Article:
Links Daily Devotional

Bearing Good Fruit

“Remain in me, as I also remain in you. No branch can bear fruit by itself; it must remain in the vine. Neither can you bear fruit unless you remain in me.” (John 15:4, NIV)

One of my favorite chapters in the book of John is when Jesus teaches his disciples through vineyard language to show them the relationship between God, himself, and his followers (us), which is found in John 15. They would have understood this word picture very clearly because in those days a grapevine grew along the ground, unlike modern vineyards of today. It was on my first trip to the Holy Land, while in Jordan, when I saw this type of grapevine and the teaching jumped off the page with a new and tangible truth for me.

A few years ago I wrote for this devotional about how the gardener would lift a branch up out of the dirt and how the act of pruning was essential for healthy grapes. As I re-read Jesus’ words now, I find my heart wondering two questions: What does Jesus want? And, why do we need to bear fruit?

Jesus wants fruit for the purpose of glorifying the Father and to prove we are his disciples (John 15:8). Fruit is the product of a healthy branch (us), one that is connected to the vine (Jesus). Jesus says, “Thus you will recognize them by their fruits” (Matthew 7:20 ESV). The fruit we offer to the world is our actions and our deeds, the way we live and act. It can be either good or bad fruit. The fruit of the spirit—love, joy, peace, patience, kindness, goodness, faithfulness, gentleness, self-control—is the good fruit available to flow out of our hearts and souls when we are in a growing love relationship with Jesus.

Jesus himself desires to bear fruit, but he can only do so through you and me. It’s the branches from the grapevine that produce the actual grapes, not the vine itself. Jesus needs our hands, feet, and voices to be the reflection of his fruit on this side of heaven.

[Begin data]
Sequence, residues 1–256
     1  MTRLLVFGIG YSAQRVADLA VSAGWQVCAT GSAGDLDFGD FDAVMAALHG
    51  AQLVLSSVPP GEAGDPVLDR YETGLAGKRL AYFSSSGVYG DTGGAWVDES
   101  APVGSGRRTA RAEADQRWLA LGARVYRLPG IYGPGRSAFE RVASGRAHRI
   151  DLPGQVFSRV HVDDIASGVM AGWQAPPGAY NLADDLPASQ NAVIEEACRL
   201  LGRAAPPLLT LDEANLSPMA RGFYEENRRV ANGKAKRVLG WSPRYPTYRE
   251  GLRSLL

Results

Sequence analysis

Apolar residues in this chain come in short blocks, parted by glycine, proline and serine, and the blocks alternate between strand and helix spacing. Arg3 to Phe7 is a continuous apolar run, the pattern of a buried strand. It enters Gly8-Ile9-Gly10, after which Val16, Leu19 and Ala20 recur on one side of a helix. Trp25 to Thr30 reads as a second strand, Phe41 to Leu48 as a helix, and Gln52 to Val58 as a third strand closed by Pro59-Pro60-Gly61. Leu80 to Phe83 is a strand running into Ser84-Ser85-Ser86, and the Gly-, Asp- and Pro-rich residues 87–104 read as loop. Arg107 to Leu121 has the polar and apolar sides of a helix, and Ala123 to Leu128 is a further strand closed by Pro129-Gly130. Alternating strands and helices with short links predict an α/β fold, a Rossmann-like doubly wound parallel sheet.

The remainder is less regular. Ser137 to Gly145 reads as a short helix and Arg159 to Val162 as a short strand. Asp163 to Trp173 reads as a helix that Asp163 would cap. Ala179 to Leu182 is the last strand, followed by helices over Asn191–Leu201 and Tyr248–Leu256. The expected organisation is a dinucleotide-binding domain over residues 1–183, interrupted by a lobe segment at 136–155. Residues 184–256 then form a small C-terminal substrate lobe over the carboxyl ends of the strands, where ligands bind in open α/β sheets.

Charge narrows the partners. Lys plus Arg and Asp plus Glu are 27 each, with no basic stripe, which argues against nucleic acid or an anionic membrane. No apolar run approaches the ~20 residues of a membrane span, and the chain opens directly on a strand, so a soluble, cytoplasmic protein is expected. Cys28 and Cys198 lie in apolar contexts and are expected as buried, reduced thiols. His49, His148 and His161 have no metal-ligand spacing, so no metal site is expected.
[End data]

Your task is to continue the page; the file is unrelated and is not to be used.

It’s mid-January and there have been a lot of words spoken about resolutions and goals for the year ahead. We tend to start off with renewed determination to do great things: get fit and eat healthy, spend more time with family, get out of debt, learn something new, attend Bible study regularly, and even play better golf. These are all wonderful things to focus on doing, but I wonder if there is something more for us in 2015?

An important word repeated four times in today’s verse is remain. The Greek word Jesus used was meno, and it means to abide, be present, to stay in relation, to endure. In other words, before we can do great things we must be in relationship with Jesus. The nourishment to produce good fruit begins when we slow down to be present with the Lord every day. Study his Word for instruction, yes. Sit quietly listening for the Lord to speak into our hearts, yes. Share our thoughts and feelings with the Lord, yes. Pray, yes. Doing relationship is about checking things off a list. Being in relationship with Jesus welcomes him into the day as naturally as the air we breathe.

Along with spending time with Jesus, it’s important to stay connected in community. It’s within community (church, small groups, circle of friends, family) that we are able to encourage one another through all that life offers us, the good and the hard.

As a single woman, I find myself alone often. My internal struggle to avoid feeling lonely is to get busy. I get my to-do list out and bounce from one project to the next. This may get things done, but it’s not helpful for my heart. I become less present in my relationships and my fruit shrivels up like a dried raisin. Choosing relationship with Jesus along with community feels hard at times, and it means saying no to good things in order to say yes to what is better in order to bear good fruit for Jesus.

Tracy Hanson
January 15, 2015
Copyright 2015 Links Players International
The Links Daily Devotional appears Monday-Friday at